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Inspecting Sump Pumps

When a home inspector is inspecting the basement or crawlspace of a home, they may encounter something called a sump pump. A sump pump is a small pump that sits in a sump pit/crock and helps keep the area under the structure dry and helps prevent flooding.   Water enters the perimeter drainage system or by water moving through the soil.  In a basement, for example, the sump pit/crock is located below the basement slab.  It typically has a plastic liner but may be concrete or have earth walls.

The electric sump pump is located in or above the sump pit/crock. Water is pumped away from the house through a discharge pipe.  Some areas may allow the sump pump to discharge into the storm sewer but more and more jurisdictions are getting away from allowing this. It should never discharge into the sanitary sewer.

Ideally the sump pump will have a dedicated circuit breaker for the outlet that the pump gets plugged into.  You may encounter a sump pump that is plugged into a GFCI protected receptacle but from my experience it is best that the sump pump be plugged into a normal properly grounded receptacle without GFCI protection.  The reason behind this is that not many people pay attention to the sump pump/pit, and if the GFCI trips, they don’t know that the basement/crawlspace could flood causing damage. The codes may vary from this opinion and state that any receptacle in an unfinished basement or a crawlspace should have GFCI protection.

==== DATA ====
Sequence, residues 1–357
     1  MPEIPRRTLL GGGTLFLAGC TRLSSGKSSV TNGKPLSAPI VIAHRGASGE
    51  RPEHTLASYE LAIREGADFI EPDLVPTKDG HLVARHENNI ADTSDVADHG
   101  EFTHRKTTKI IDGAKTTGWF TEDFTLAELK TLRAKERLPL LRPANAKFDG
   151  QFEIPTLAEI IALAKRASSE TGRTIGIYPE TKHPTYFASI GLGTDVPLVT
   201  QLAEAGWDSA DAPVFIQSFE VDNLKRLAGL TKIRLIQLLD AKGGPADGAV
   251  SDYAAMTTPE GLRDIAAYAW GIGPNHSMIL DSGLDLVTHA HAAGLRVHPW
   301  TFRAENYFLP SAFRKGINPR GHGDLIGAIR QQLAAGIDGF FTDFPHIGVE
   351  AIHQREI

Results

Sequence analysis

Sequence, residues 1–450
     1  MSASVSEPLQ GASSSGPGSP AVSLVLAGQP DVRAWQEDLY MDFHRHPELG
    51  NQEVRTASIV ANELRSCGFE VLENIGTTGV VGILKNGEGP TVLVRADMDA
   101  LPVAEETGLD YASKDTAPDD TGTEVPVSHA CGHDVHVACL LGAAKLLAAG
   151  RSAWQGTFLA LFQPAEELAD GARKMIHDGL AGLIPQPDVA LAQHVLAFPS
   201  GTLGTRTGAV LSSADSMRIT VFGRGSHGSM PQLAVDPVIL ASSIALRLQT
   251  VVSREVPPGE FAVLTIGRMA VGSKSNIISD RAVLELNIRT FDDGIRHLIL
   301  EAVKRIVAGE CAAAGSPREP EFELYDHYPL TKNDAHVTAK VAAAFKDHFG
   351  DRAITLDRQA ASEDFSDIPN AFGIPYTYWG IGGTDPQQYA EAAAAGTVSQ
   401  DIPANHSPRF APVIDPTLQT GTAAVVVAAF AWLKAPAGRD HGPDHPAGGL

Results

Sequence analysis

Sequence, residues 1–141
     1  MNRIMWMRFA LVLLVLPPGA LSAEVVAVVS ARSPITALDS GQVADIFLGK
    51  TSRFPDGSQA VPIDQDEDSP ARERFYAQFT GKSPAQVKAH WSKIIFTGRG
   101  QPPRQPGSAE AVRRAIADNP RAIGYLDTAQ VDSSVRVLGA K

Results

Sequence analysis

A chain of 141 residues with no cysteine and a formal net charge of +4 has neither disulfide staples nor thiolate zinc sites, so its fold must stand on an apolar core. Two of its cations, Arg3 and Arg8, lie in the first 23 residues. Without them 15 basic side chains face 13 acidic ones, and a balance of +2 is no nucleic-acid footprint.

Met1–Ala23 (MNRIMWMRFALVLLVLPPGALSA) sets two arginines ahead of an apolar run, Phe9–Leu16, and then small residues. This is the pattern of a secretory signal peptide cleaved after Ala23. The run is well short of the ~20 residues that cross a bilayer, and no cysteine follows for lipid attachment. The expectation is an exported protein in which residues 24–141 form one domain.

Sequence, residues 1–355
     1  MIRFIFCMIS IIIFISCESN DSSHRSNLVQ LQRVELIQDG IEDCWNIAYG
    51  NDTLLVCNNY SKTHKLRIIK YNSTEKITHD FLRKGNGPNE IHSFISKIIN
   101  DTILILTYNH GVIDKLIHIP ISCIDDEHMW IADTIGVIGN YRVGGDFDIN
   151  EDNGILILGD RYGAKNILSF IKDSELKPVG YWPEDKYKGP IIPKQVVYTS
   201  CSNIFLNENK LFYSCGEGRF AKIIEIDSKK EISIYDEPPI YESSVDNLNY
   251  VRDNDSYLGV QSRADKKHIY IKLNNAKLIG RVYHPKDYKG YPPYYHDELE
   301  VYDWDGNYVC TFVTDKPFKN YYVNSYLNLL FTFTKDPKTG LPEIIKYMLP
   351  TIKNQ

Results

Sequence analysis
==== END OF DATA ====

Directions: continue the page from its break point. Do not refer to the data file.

The home inspector should test the pump for operation.  It can be a pedestal-style pump which has the motor mounted on a shaft sitting above the water level.  A lever will stick out of the pit/crock.  To test the operation of the pump, pull up on this lever.  Be careful when doing this, as electrical safety is something to consider.

In addition to the pedestal style sump pump, the home inspector may encounter a submersible type, which sits below the water level in the sump pit/crock.  To test this type of sump pump, use a plastic or wooden stick to pull up on the pressure switch or float. Another way to test each kind of sump pump is to run the water into the pit/crock with a hose or pour water from a bucket into the sump pit/crock to activate the float.

The sump pump motor should run quietly and should discharge water; you may even see a check valve on the discharge line.  The pit/crock should be covered and kept free of silt buildup and debris.

 

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